It’s hard to believe that another year has passed—and the eighth-annual Fort Frances Canadian Bass Championship is now upon us. Especially with memories of Steve and Kent Ballan’s dramatic victory over Doug and Zach McBride last July still so fresh in our minds.
But, yes, it has been a year, and you can bet this year’s FFCBC—which gets underway tomorrow at 7:30 a.m.—will provide memories and moments just as thrilling by the time it wraps up Saturday afternoon under the big tent at the Sorting Gap Marina.
It’s hard to predict how the derby will shape up in 2002, with the competing anglers swapping contradictory stories over how their pre-fishing went. Then again, they are anglers, which means you have to be wary about anything they say.
In a nutshell, it’s all going to come down to the final weigh-in—and the spectators who cram under the tent each year wouldn’t wish it to be any other way.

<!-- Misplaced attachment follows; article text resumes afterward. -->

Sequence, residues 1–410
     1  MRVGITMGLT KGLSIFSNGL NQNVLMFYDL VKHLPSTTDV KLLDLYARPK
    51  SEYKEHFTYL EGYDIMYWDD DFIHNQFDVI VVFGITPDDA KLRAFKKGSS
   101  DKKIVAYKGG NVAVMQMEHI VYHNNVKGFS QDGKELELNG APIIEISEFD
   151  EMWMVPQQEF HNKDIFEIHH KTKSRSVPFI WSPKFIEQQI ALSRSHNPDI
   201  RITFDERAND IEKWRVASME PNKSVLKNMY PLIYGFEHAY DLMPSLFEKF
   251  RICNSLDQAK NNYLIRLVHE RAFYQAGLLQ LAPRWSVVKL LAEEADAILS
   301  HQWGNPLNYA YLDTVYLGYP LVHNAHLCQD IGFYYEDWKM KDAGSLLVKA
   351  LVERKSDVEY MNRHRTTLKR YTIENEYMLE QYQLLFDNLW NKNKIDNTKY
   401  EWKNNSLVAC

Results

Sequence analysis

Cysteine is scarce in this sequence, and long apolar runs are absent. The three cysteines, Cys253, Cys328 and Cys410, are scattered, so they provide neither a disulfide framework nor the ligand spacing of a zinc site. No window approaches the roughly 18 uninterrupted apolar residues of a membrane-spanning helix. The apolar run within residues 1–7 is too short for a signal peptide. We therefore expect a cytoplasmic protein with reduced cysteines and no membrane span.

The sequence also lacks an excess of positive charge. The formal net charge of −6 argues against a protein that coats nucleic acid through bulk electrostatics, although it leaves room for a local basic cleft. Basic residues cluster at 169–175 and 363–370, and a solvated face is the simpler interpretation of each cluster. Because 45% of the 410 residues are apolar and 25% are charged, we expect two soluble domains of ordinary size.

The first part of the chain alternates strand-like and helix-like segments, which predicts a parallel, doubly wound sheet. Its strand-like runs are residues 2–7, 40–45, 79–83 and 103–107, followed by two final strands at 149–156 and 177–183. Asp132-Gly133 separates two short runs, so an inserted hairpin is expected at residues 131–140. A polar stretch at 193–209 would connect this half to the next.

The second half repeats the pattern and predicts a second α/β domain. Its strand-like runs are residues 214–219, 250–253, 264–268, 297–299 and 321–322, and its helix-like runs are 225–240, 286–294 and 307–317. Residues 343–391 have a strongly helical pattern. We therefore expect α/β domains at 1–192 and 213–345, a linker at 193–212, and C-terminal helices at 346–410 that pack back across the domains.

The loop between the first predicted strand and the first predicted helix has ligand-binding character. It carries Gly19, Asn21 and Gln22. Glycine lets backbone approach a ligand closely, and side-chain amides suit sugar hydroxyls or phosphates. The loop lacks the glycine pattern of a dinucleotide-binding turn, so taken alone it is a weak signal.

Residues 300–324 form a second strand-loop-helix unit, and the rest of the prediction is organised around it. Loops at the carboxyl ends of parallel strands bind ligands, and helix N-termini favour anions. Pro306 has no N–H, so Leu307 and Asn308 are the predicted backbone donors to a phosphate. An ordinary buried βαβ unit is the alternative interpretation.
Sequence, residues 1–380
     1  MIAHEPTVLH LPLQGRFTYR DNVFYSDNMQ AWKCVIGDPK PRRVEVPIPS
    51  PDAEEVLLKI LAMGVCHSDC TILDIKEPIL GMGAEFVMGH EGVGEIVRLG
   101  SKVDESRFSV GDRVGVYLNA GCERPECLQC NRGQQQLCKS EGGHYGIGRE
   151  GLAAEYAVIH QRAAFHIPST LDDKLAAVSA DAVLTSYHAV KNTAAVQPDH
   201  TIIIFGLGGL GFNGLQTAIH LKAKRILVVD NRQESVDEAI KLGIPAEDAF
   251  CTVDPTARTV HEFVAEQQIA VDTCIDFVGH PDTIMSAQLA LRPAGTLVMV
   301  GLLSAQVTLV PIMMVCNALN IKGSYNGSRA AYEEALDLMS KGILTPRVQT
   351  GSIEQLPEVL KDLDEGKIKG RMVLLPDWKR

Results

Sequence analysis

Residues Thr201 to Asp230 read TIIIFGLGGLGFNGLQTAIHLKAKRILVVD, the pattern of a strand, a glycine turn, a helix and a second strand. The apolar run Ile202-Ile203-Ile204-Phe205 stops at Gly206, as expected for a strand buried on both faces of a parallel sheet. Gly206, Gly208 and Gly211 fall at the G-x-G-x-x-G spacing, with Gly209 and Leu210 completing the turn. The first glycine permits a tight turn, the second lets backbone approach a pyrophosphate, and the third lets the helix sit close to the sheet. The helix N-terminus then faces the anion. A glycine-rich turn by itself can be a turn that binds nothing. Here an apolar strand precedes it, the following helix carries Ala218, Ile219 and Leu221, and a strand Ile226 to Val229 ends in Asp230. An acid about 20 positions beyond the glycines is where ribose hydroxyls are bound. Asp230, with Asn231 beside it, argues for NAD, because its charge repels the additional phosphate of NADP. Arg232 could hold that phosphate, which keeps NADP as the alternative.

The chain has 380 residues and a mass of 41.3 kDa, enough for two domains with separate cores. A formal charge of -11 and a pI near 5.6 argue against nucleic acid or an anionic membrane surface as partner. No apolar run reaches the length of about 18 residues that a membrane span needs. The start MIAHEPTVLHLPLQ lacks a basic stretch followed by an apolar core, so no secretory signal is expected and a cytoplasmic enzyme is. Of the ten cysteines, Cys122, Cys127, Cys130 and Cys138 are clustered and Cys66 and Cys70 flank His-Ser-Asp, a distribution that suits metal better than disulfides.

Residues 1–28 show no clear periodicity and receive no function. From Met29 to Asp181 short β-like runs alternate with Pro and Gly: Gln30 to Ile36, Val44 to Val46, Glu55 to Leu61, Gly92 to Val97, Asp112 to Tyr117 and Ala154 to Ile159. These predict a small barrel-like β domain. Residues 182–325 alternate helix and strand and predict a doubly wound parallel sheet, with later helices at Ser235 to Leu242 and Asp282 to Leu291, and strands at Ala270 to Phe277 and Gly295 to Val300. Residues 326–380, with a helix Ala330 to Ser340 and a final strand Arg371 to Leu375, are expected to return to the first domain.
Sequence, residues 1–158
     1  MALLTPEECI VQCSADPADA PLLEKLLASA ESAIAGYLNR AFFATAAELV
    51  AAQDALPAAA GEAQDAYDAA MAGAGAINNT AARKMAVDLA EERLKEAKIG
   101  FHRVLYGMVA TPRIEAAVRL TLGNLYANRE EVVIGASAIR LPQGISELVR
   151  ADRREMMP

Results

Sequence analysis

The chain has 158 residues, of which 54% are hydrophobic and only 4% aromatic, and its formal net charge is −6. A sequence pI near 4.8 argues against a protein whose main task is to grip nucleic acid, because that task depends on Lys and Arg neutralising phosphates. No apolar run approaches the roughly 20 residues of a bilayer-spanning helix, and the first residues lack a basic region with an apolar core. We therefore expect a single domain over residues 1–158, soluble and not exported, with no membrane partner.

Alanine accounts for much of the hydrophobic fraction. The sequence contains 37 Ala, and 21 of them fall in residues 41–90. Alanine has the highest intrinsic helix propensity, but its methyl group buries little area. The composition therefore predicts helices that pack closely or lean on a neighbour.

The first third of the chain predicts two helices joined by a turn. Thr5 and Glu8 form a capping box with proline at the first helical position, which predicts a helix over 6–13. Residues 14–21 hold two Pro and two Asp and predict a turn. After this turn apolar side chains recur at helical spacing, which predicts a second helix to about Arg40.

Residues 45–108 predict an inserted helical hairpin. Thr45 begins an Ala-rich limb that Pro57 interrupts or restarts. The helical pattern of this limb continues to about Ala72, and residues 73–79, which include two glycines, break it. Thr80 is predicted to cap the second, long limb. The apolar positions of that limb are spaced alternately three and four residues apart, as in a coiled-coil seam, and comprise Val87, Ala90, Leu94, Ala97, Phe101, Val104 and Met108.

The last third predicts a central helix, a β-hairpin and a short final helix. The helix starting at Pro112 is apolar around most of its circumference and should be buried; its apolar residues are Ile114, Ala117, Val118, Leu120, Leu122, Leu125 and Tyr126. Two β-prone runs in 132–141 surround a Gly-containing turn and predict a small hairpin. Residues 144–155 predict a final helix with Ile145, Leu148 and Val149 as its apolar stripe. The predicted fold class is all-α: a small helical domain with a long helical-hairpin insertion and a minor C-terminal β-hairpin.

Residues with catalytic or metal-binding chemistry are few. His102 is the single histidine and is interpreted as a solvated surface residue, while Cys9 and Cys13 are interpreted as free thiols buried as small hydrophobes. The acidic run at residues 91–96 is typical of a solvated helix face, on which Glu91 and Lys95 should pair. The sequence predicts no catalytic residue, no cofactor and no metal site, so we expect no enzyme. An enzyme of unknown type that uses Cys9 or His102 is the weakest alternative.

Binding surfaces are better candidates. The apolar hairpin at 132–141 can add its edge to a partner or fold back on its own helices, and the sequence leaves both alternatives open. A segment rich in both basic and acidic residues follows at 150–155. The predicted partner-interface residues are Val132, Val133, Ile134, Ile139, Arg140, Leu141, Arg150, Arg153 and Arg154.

But while it’s now time for the anglers to take centre stage, and rightfully so (it is, after all, a fishing tournament), one cannot overlook the incredible time and work undertaken by the volunteer FFCBC directors just to get the derby off the ground each year.
A look at the schedule of daytime and nighttime activities, which really got underway Sunday with the annual Kid-Pro tournament, is a testament to their efforts—and a big reason why the FFCBC has blossomed from an idea to the town’s pre-eminent community event in just eight short years.
Equally encouraging is to see new faces routinely accept the responsibilities of being a director, or chairman like newcomer Gary Rogozinski, which certainly reduces the chance of volunteer “burn-out” killing the derby down the road.
Congratulations to the directors for organizing another great show. And good luck to all the teams as they begin their quest for the $25,000 first prize—not to mention the unabashed joy of hoisting aloft the FFCBC trophy in front of the cheering throng Saturday afternoon.
What a feeling that must be. It obviously keeps bringing the anglers back year after year in hopes of tasting it—and that’s a testament to Fort Frances.